Isleworth, 10 November 1876.

My dear Theo,
I feel the need to enclose a few words to you. You’ll be having pleasant days at home,1 I almost envy you, old boy.
What lovely autumn weather we’re having. You probably see the sun rising in the morning too. Which room are you sleeping in?
If you can get ‘The imitation of Christ’ one of these days,2 read some of it, it’s a wonderful book, one that’s very enlightening. It describes so beautifully, for the one who wrote the book did it himself, how good it is to wage the holy war of devotion to one’s duty, and the heartfelt joy that is to be found in doing good deeds and in doing what one does well.
You must read the letter for Pa and Ma sometime, I’ve taken such lovely walks recently, which were especially good after the anxiety of the first months here.
It is indeed true that every day has its own evil3 and its own good, too. But how terrible life must  1v:2 be, especially later on – when the evil of each day increases as far as the things of the world are concerned – if it isn’t supported and comforted by faith. And in Christ all things of the world can improve and become sanctified, as it were. These are beautiful words, and happy are those who come across them, ‘Nothing pleaseth me but in Christ, and in Him all things please me’.4 But one doesn’t achieve this all of a sudden. But he that seeketh findeth.5
Do write a few words again the next time Pa and Ma write. I hope to go to Richmond again on Monday evening and to take the words: But when he was yet a great way off, his Father saw him, and had compassion.6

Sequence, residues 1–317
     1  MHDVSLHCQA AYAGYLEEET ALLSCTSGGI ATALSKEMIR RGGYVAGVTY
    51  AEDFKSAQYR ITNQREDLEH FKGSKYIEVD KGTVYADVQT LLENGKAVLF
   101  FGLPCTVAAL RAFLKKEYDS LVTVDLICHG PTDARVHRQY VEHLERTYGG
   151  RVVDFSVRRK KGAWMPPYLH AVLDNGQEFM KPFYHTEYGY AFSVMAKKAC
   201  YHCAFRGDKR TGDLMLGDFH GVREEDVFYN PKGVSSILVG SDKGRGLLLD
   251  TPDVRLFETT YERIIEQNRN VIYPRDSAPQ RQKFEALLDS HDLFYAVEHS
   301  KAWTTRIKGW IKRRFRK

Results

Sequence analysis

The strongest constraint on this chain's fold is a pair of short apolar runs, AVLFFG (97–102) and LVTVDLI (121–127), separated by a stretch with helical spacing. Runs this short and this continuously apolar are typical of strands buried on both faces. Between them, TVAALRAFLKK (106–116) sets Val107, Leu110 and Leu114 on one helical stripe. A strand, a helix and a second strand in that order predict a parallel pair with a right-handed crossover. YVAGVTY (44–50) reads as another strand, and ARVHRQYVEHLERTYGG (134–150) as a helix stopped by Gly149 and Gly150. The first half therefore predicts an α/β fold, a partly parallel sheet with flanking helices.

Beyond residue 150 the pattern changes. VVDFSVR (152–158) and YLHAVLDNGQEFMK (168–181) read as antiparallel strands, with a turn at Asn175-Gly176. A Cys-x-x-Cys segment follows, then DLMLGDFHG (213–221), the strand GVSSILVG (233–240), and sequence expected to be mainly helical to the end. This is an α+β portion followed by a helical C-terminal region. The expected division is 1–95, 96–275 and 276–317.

Theo, woe is me if I don’t preach the gospel,7 and if I didn’t have my sight fixed on that and  1v:3 didn’t have hope and faith in Christ, then I would only have woe. Now, however, I have a bit of spirit as well.
I should have liked you to be in the little church at Turnham Green last Thursday evening; I walked over there with the oldest boy in the school and told him several of Andersen’s fairy tales, including ‘The story of a mother’.8
And now we’re slowly heading towards winter, and many dread it, but Christmas is wonderful, it’s like the moss on the roofs and like the pine and the holly and the ivy in the snow. How I’d like to come with Anna, may she find something soon,9 I’ll write to her again today.
Today one of the maids left, they don’t have it easy here and she couldn’t stand it any longer – indeed,  1r:4 everyone, richer or poorer, stronger or weaker, has moments when he can go no further, when ‘all these things seem to be against us’,10 when much of what we have built collapses.
And yet, one mustn’t lose heart, Elijah had to pray all of seven times,11 and David had ashes on his head many a time.12
There’s a new assistant teacher at the school, because I’ll have to work more at Turnham Green from now on. He has never been away from home before, and won’t find it easy in the beginning.
And now a handshake in thought, it’s already late and I’m rather tired. I wish you well. Do think now and then of

Your most loving and affectionate brother


Br. 1990: 097 | CL: 80
From: Vincent van Gogh
To: Theo van Gogh
Date: Isleworth, Friday, 10 November 1876

1. Theo was at home in Etten, recovering from his illness.
2. Thomas a Kempis, De imitatione Christi (The imitation of Christ).
a. Vincent meant the letter to their parents, which was enclosed with his letter to Theo.
9. Anna, who was looking for a new situation in the Netherlands (cf. letter 78), wrote to Theo on 4 October 1876: ‘I’m looking hard for a position as an assistant teacher or something similar and am very busy. I hope so much that I’ll succeed; it would be such a relief to Pa and Ma if something were decided for me’ (FR 2783).
11. An allusion to 1 Kings 18:43; see also letter 87.
12. ‘Having ashes on one’s head’ is a sign of mourning or humiliation. Cf. 2 Sam. 13:19, where Tamar puts ashes on her head.